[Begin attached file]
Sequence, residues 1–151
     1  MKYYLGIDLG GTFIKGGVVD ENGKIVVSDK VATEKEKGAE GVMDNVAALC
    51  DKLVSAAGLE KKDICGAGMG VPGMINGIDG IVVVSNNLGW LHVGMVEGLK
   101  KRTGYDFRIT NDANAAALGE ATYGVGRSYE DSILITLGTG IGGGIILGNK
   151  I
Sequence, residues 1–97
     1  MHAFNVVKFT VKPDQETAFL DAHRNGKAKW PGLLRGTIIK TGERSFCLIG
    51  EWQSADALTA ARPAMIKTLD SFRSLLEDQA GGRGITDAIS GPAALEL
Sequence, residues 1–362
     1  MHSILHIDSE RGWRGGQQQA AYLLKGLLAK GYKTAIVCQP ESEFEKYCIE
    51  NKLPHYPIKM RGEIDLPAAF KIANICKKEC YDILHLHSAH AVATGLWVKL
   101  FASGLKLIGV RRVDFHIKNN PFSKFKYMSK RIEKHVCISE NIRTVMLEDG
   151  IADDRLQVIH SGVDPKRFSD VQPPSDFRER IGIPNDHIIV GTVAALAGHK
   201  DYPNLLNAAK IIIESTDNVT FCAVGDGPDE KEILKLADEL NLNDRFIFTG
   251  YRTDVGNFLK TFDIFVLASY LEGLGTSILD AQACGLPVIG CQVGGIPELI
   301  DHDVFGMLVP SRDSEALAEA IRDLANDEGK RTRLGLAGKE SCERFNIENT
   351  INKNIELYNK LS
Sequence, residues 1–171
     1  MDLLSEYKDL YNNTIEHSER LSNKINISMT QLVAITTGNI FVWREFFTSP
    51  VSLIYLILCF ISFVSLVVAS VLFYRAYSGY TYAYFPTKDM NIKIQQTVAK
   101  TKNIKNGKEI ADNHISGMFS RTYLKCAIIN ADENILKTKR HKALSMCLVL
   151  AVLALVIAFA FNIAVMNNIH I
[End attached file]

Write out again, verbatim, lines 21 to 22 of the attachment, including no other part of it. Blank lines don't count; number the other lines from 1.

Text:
   101  TKNIKNGKEI ADNHISGMFS RTYLKCAIIN ADENILKTKR HKALSMCLVL
   151  AVLALVIAFA FNIAVMNNIH I